I believe in Spinoza's God, Who reveals Himself in the lawful harmony of the world, not in a God Who concerns Himself with the fate and the doings of mankind.
- All religions, arts and sciences are branches of the same tree.
All these aspirations are directed toward ennobling man's life, lifting
it from the sphere of mere physical existence and leading the individual
towards freedom. It is no mere chance that our older universities
developed from clerical schools. Both churches and universities —
insofar as they live up to their true function — serve the ennoblement
of the individual. They seek to fulfill this great task by spreading
moral and cultural understanding, renouncing the use of brute force.
The essential unity of ecclesiastical and secular institutions was lost during the 19th century, to the point of senseless hostility. Yet there was never any doubt as to the striving for culture. No one doubted the sacredness of the goal. It was the approach that was disputed.
- "Moral Decay" (1937); Later published in Out of My Later Years (1950)
Generations to come, it may well be, will scarce believe that such a man as this one ever in flesh and blood walked upon this Earth.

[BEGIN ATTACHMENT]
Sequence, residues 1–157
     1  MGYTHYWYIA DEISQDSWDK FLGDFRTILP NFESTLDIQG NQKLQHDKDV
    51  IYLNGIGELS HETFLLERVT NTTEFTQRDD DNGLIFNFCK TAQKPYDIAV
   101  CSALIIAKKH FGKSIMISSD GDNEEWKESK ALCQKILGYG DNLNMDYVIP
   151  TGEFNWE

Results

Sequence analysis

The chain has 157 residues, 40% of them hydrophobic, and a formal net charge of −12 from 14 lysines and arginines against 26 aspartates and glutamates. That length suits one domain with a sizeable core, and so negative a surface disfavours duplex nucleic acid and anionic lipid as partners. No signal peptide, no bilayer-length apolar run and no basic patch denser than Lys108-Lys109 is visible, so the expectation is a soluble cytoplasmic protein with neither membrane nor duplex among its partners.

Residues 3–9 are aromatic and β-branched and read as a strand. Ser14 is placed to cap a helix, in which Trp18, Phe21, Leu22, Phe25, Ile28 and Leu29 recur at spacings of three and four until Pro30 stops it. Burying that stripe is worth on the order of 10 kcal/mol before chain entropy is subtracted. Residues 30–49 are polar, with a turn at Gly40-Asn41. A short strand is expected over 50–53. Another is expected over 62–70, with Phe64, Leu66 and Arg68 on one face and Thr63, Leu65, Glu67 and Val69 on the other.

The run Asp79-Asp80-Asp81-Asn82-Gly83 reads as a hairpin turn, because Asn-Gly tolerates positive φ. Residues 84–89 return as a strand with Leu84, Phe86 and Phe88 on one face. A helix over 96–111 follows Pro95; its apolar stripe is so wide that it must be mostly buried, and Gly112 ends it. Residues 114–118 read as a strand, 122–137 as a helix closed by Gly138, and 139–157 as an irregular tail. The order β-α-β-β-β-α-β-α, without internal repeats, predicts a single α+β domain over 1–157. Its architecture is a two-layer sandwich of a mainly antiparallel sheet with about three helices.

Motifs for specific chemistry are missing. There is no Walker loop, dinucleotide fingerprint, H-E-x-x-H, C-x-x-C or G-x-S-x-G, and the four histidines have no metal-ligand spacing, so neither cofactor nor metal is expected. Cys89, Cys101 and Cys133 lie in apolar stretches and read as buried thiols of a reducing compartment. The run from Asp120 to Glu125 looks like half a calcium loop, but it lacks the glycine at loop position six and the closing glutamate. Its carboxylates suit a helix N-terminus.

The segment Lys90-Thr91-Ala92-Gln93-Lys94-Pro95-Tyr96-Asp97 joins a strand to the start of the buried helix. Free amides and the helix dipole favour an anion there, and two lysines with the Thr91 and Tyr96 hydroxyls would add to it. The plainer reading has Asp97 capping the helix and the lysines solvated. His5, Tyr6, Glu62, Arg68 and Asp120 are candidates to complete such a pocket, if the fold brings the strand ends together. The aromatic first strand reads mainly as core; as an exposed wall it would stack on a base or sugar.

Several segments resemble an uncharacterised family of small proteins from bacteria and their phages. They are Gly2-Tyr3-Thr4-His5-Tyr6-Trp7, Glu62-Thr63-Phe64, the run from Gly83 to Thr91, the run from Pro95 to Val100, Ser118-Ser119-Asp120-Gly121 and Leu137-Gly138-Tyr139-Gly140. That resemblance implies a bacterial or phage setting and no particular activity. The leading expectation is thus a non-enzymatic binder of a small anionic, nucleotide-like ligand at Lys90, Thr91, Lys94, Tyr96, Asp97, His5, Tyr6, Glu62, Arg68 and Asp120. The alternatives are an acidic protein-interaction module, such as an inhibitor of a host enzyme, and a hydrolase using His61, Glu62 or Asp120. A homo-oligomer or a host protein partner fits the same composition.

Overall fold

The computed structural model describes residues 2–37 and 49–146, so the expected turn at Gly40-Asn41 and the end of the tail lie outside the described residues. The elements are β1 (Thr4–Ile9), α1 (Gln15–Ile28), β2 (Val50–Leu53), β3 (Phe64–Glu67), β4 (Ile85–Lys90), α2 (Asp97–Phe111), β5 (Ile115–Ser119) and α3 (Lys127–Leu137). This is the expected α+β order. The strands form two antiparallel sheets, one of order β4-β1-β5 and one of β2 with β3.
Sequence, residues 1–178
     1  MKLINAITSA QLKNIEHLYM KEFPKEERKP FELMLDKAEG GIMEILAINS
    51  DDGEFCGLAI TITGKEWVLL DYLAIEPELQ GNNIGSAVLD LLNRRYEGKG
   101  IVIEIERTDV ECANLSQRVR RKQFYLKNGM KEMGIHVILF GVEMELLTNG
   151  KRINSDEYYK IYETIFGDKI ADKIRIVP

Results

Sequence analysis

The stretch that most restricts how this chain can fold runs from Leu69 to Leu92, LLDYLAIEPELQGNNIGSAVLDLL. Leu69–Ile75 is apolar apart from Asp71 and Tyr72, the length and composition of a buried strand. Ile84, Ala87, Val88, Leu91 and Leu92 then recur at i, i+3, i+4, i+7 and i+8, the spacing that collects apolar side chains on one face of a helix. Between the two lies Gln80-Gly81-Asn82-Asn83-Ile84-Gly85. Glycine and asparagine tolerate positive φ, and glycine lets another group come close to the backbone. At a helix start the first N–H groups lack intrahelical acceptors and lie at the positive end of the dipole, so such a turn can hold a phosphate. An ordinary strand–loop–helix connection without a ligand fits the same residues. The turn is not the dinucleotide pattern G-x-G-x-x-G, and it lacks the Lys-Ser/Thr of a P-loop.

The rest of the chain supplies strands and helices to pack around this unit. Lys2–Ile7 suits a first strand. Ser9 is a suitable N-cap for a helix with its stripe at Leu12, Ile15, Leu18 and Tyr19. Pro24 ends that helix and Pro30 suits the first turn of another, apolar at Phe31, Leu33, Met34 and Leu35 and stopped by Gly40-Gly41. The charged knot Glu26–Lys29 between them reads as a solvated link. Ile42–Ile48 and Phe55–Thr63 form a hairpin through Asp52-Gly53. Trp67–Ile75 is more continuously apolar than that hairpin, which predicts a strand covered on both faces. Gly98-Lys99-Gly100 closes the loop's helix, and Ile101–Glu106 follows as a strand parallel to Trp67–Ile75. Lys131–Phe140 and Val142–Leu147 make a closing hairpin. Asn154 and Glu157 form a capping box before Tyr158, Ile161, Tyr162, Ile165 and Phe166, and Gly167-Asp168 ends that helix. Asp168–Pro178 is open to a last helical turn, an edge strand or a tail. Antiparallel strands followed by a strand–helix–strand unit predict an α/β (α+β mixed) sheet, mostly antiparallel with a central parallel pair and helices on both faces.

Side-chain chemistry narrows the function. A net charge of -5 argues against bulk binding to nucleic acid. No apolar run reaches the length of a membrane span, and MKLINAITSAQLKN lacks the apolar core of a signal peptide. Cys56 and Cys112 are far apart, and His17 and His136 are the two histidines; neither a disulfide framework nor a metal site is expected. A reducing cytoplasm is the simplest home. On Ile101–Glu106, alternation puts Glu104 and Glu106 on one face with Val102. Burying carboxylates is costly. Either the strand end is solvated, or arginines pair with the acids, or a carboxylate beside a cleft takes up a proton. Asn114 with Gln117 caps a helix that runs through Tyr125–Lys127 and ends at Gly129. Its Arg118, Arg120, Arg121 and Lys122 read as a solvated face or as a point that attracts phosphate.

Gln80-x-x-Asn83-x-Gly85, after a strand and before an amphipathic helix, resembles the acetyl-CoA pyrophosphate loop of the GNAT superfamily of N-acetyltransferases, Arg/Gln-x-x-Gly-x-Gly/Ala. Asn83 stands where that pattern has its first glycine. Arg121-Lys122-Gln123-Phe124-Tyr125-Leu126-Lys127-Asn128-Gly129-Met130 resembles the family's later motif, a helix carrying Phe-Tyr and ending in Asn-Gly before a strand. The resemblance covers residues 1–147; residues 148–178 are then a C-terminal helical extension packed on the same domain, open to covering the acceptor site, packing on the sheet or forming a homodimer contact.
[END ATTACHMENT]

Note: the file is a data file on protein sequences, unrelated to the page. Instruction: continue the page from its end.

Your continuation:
- Statement on the occasion of Gandhi's 70th birthday (1939) Einstein archive 32-601, published in Out of My Later Years (1950).
Great spirits have always encountered violent opposition from mediocre minds. The mediocre mind is incapable of understanding the man who refuses to bow blindly to conventional prejudices and chooses instead to express his opinions courageously and honestly.
- Letter to Morris Raphael Cohen, professor emeritus of philosophy at the College of the City of New York, defending the appointment of Bertrand Russell to a teaching position (19 March 1940).
- The important thing is not to stop questioning; curiosity has its own reason for existing.
One cannot help but be in awe when contemplating the mysteries of
eternity, of life, of the marvelous structure of reality. It is enough
if one tries merely to comprehend a little of the mystery every day. The important thing is not to stop questioning; never lose a holy curiosity.
- Statement to William Miller, as quoted in LIFE magazine (2 May 1955)
- Try to become not a man of success, but try rather to become a man of value.
- As quoted by LIFE magazine (2 May 1955)
Perfection of means and confusion of goals seem—in my opinion—to characterize our age. "The Common Language of Science", a broadcast for Science, Conference, London, 28 September 1941. Published in Advancement of Science, London, Vol. 2, No. 5. Reprinted in Ideas and Opinions (1954),